Search in
ADD SEARCH FILTER CANCEL SEARCH FILTER

Digital Archive International History Declassified

May 27, 1980

CONVERSATION BETWEEN SOVIET FOREIGN MINISTER COMRADE ANDREI GROMYKO WITH US SECRETARY OF STATE EDMUND S. MUSKIE, 27 MAY 1980

This document was made possible with support from the Leon Levy Foundation

CITATION SHARE DOWNLOAD
  • Citation

    get citation

    Muskie and Gromyko discuss tensions between the Soviet Union and United States following the Soviet invasion of Afghanistan.
    "Conversation between Soviet Foreign Minister Comrade Andrei Gromyko with US Secretary of State Edmund S. Muskie, 27 May 1980," May 27, 1980, History and Public Policy Program Digital Archive, Stiftung Archiv der Parteien- und Massenorganisationen im Bundesarchiv, Berlin, DY30 IV 2/2.035/70 pp.40-42. Obtained and translated from German by David Wolff https://digitalarchive.wilsoncenter.org/document/117260
  • share document

    https://digitalarchive.wilsoncenter.org/document/117260

VIEW DOCUMENT IN

English HTML

27 May 1980, Berlin, 3 Copies Memorandum

On information given by comrade P. A. Abrassimov to Comrade E. Honecker about a Conversation between USSR Foreign Minister Comrade A. GROMYKO with the US Secretary of State, E. MUSKIE[1]

Muskie: President Carter is for an improvement in Soviet-American relations.  He was always very balanced towards the Soviet Union.  But the Afghanistan events have created hindrances.

Gromyko: The American side scratched the agreement made with President Ford in Vladivostok [in 1974].  SALT II was signed in Vienna, but not ratified; that is breaking your word.  Then there was the discovery of the Soviet rocket brigade on Cuba. After the US lost Iran, they tried to compensate for this loss through Afghanistan. The USSR’s intervention prevented this. As is well known we hesitated for a long time before we agreed to the request to send troops.  Since the danger became extremely great we couldn’t just watch any more and sent a limited troop contingent at the express wish of the Afghan government and in accordance with the treaty.

Muskie: It’s a matter of finding a way out.  Maybe the USSR could help liberate the American hostages in Iran.

Gromyko: We have expressly declared ourselves against the hostage taking at the UN.  But we are against any foreign intervention in the affairs of Iran.  The US has gathered a large fleet in the Persian Gulf that is not only aimed at Iran and the Arab countries.  But we also have a large Soviet fleet [three illegible words].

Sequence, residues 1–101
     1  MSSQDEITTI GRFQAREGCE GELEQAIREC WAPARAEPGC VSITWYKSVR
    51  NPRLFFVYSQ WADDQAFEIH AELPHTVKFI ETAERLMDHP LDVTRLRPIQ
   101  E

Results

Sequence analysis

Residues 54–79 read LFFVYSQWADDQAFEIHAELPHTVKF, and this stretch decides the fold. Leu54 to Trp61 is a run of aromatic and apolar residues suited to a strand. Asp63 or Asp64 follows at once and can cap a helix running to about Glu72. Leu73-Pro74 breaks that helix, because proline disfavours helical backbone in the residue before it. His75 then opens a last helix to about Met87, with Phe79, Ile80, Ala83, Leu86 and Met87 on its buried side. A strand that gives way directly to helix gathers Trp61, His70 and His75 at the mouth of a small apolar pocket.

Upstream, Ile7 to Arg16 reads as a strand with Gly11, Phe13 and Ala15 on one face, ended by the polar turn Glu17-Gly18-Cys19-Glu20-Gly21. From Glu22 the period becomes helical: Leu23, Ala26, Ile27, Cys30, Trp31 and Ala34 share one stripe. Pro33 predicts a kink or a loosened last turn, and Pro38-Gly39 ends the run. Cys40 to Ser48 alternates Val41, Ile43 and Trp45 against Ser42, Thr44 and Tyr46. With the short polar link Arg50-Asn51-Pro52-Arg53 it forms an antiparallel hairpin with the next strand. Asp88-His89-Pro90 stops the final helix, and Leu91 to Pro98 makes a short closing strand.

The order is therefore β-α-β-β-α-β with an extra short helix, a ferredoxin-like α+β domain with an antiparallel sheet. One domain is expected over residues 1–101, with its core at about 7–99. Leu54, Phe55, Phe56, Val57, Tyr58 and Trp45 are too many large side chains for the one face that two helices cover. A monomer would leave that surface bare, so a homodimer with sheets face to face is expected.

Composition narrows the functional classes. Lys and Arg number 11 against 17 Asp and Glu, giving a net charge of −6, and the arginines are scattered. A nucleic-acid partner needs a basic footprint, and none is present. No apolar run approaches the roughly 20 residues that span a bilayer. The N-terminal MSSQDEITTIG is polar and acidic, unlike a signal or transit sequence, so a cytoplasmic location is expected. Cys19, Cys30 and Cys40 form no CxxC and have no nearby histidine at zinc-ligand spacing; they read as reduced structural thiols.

Muskie: We must, however, solve the Afghanistan matter.

Gromyko: You know our position.  Once there is no longer any foreign interference from Pakistan or [infringements on] the sovereignty and independence of the government of Afghanistan, then we are ready, at the request of the Afghani government, to withdraw our troops.

Muskie: We want to go back to normal relations between the US and USSR.  But public opinion in the US must be taken into account.

Gromyko: We are ready to normalize relations.  You must stop boycott politics.[2]  Maybe you can find a way so the American athletes can participate in the Olympic Games.  Maybe they will find a solution that smoothes the way.

Muskie: President Carter has made his decision.

Gromyko: The President decides sometimes this way and sometimes that way.

Muskie: Participation at the Olympic Games is impossible. I consider this meeting very useful.  He [Muskie] is interested in further meetings with such an experienced diplomat as Gromyko.  Gromyko has been in diplomacy for 20 years and Muskie only 20 days.

Gromyko: We agree to continue contacts and talks between us.

Muskie: I would like to assure [you] that I took over my position on the condition that the Secretary of State must be absolutely independent to conduct foreign policy and not Carter’s retinue.

[1] The first high-level Soviet-American meeting since the Soviet invasion took place on 16 May 1980 in Vienna on the occasion of the anniversary celebrations for the 1955 Austrian State Treaty that had provided for an end to the occupation of Austria. Muskie and Gromyko conferred for three hours at the Hofburg Palace.

[2] In response to the Soviet invasion, President Carter had threatened to boycott the 1980 Olympic Summer Games in Moscow. The US Olympic Committee voted on 12 April 1980 to endorse the president’s call for a boycott.